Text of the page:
When asked why they are studying [central bank digital currencies], responses from central banks do not focus on a single reason. The safety or robustness of the payment system, financial stability, efficiency of payments, implementation of monetary policy and the goal of greater inclusivity in accessing payment systems by lower income populations—all seem to be considered at least somewhat important. Lacking a single vision of what they want to accomplish, central bankers seem to be afflicted by a generalized sense of unease. Though scenarios can be only vaguely delineated, shifting sands in the payments and monetary landscape suggest to central banks that, if they do not provide a digital currency, they could find themselves isolated and weakened in unfamiliar ways. Having sufficient control over the retail payments system might, they suppose, prove to be essential for ensuring the stability and efficiency of the monetary and payments system.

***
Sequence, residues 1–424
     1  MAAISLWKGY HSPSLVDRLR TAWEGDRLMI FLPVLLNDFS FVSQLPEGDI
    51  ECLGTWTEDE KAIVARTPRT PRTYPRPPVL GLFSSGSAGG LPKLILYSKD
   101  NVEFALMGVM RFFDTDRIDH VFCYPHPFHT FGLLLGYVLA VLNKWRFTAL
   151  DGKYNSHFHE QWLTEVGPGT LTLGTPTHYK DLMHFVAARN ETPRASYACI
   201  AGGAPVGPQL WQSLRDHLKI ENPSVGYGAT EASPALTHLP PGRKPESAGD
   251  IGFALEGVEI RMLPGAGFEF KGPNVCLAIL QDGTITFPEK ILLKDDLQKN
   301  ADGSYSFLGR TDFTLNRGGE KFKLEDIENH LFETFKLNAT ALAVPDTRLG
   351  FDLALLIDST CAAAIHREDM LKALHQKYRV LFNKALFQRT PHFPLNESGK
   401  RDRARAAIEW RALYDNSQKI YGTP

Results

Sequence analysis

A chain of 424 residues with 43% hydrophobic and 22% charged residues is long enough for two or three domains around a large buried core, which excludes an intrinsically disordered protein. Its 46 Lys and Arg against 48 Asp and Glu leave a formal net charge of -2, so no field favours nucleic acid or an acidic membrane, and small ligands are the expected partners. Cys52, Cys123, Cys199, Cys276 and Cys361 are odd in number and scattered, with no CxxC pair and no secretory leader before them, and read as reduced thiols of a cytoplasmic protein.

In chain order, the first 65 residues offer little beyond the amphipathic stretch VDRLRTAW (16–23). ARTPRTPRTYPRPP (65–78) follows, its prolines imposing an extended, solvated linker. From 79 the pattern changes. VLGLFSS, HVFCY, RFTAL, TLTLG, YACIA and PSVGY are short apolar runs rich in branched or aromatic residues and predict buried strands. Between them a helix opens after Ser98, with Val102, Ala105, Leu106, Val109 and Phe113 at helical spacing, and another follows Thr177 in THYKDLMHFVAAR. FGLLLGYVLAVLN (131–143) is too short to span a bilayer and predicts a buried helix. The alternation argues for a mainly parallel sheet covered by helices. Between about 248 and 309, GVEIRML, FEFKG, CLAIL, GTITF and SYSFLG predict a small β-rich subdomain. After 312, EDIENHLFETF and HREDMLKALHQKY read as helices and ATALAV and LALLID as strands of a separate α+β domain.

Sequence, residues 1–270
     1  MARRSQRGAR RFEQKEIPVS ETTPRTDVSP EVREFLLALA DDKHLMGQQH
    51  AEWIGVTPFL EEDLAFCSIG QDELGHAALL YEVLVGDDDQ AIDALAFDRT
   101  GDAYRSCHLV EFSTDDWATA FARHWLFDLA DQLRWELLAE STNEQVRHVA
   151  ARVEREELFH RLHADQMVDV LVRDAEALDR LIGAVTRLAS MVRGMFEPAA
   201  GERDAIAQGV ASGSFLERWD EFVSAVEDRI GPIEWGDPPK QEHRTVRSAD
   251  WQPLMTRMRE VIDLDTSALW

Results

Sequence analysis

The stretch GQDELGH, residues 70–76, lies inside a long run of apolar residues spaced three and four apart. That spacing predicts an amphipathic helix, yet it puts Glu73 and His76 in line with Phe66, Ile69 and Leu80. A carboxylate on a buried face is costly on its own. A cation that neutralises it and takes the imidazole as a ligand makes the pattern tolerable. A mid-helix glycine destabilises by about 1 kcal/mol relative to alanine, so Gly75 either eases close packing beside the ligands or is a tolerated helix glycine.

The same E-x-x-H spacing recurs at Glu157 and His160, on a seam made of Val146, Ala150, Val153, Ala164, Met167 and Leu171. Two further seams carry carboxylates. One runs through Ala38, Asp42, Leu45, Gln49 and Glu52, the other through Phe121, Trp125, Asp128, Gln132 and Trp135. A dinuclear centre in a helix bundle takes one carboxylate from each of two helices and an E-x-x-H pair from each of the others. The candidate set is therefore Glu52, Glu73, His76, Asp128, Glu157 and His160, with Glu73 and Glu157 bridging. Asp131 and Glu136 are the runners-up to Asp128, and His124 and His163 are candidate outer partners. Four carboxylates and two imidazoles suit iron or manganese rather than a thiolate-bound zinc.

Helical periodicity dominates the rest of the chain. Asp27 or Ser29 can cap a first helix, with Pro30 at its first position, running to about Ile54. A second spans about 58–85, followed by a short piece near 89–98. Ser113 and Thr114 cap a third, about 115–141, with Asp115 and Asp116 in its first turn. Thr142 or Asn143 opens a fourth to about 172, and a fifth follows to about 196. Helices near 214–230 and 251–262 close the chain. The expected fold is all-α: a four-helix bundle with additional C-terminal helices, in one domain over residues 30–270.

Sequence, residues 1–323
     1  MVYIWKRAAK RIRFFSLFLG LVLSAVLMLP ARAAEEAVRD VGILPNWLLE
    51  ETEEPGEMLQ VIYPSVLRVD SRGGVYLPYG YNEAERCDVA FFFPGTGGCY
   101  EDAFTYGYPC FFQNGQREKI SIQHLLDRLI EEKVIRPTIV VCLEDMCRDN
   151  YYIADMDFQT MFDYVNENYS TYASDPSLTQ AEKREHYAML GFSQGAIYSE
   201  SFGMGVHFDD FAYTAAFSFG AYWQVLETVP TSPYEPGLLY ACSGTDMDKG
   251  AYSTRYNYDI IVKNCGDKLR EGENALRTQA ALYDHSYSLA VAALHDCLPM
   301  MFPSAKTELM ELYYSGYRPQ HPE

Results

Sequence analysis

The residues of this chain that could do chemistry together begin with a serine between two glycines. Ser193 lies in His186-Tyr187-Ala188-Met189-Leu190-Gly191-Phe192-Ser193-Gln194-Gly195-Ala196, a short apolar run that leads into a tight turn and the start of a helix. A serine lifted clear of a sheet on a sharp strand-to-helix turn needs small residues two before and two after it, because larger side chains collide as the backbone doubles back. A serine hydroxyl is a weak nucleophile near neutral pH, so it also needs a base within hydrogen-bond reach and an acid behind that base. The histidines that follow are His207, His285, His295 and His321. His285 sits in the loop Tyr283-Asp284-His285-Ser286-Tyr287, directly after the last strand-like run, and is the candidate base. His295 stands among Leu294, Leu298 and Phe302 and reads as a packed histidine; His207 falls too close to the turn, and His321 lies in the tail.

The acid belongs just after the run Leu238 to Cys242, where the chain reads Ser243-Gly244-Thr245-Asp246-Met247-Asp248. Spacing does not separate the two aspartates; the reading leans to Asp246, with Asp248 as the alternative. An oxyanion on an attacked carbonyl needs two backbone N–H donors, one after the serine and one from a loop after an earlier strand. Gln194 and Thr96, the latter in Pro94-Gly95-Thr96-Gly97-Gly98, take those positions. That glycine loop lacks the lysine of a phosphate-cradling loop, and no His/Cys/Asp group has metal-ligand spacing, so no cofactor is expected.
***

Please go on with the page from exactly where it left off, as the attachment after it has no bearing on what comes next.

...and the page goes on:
From a quote in: Cesaratto, S. and E. Febrero (2022). Private and Central Bank Digital Currencies: a storm in a teacup? A Post-Keynesian appraisal. DT 2022/1, Working Papers, Department of Economics and Finance, Universidad de Castilla – La Mancha, Spain (accessed online at https://www.uclm.es/es/departamentos/daef/-/media/Files/A05-Investigacion-departamentos/daef/documentos_trabajo/2022-01-DT-DAEF.ashx?la=es)